Massive Cyber Attack Uncovered
A complex malware has been detected by the Russian security firm Kaspersky Labs. Known as Flame, it constitutes what might be one of the largest cyber-attacks in history.
The amount of nation states affected, and the geographical layout of the malware's attacks leads Kaspersky's chief malware expert Vitaly Kamluk to believe that the cyber attack was state sponsored.
"Currently there are three known classes of players who develop malware and spyware: hacktivists, cybercriminals and nation states," he told the BBC."Flame is not designed to steal money from bank accounts. It is also different from rather simple hack tools and malware used by the hacktivists. So by excluding cybercriminals and hacktivists, we come to conclusion that it most likely belongs to the third group."
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The nations affected include Iran, Israel, Sudan, Syria, Lebanon, Saudi Arabia and Egypt. Individuals, businesses, governmental systems, and even academic institutions were targeted.
Flame is a complex malware that can do everything from record audio to take screenshots whenever an "interesting" program is run such as email. It also has the ability to be manipulated on the fly, in order to add specific abilities. In other words, Flame can gain new abilities much the same way you add apps to a smartphone.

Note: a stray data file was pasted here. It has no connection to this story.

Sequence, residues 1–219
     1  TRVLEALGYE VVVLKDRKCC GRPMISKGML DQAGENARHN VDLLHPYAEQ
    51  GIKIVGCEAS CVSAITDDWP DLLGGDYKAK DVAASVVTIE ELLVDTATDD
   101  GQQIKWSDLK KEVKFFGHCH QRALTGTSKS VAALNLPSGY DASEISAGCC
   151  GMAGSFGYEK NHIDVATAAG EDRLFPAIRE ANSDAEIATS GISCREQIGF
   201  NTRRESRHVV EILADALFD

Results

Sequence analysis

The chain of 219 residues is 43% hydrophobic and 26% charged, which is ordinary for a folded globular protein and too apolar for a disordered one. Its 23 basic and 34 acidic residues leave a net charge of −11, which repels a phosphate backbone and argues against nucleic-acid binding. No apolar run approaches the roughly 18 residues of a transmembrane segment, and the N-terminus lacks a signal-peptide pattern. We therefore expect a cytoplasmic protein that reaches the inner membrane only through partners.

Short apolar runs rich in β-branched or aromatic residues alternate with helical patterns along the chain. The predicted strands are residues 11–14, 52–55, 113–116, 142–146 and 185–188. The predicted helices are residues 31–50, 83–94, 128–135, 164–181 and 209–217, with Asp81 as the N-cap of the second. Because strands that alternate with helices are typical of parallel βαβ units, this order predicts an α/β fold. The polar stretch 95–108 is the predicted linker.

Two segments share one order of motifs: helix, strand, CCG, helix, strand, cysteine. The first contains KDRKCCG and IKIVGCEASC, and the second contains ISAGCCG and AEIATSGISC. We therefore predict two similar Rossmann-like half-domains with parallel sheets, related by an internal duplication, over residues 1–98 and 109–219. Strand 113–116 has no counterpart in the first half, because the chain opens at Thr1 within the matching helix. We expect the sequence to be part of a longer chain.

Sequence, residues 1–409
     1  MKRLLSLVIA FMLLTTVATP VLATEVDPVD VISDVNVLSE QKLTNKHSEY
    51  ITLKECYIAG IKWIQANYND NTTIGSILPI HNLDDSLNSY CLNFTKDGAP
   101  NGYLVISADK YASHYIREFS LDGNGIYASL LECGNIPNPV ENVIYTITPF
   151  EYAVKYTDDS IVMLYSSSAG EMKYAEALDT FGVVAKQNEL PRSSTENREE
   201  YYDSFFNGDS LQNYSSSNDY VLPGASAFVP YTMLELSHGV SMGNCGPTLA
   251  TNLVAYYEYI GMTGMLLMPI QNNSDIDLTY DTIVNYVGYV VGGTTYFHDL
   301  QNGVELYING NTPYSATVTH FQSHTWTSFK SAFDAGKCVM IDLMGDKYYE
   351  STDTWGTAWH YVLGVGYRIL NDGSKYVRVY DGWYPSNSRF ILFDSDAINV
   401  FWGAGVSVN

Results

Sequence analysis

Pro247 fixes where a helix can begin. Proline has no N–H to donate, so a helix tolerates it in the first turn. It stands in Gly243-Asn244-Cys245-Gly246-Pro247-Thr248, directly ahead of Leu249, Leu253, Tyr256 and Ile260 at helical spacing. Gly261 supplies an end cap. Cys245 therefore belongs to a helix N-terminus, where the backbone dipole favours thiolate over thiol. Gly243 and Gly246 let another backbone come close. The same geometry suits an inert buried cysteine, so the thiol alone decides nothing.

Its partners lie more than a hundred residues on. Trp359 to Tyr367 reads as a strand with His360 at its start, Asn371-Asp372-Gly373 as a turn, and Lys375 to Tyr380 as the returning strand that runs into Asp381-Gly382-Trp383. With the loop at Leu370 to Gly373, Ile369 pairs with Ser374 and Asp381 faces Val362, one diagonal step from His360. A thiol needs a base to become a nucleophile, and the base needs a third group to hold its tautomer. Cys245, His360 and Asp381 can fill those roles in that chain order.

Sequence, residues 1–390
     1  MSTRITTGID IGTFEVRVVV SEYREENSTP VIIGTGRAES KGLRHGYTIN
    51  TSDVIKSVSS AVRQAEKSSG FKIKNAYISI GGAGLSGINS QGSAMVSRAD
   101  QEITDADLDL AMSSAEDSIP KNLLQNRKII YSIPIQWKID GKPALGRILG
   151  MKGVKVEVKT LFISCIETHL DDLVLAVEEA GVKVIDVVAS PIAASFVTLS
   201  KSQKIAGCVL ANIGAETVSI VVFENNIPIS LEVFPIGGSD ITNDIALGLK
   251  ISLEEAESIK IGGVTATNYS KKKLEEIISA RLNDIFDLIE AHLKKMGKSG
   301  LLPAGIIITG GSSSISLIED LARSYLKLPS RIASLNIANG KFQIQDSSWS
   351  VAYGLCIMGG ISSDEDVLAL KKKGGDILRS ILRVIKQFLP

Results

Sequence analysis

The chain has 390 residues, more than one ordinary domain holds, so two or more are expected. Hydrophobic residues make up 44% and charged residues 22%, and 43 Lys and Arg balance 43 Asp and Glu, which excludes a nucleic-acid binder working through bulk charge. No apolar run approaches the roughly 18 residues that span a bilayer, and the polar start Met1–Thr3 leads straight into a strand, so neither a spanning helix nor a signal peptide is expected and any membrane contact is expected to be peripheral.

Kaspersky Labs told the BBC that they belived the malware has been operating from August, 2010.
Previous cyber attacks, such as Stuxnet, targeted nuclear facilities in Iran, while Duque infiltrated networks in order to steal data.
Iran's National Computer Emergency Response Team posted a security alert stating that it believed Flame was responsible for "recent incidents of mass data loss" in the country.
"Whereas Stuxnet just had one purpose in life, Flame is a toolkit, so they can go after just about everything they can get their hands on," said Professor Alan Woodward from the Department of Computing at the University of Surrey.